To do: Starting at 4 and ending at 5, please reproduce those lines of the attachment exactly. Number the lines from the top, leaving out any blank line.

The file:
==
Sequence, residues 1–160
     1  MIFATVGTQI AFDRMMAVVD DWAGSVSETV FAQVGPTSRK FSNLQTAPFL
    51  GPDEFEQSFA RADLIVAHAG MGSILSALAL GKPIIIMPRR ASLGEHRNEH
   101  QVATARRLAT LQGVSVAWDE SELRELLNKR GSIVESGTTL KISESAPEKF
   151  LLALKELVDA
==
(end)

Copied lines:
   101  QVATARRLAT LQGVSVAWDE SELRELLNKR GSIVESGTTL KISESAPEKF
   151  LLALKELVDA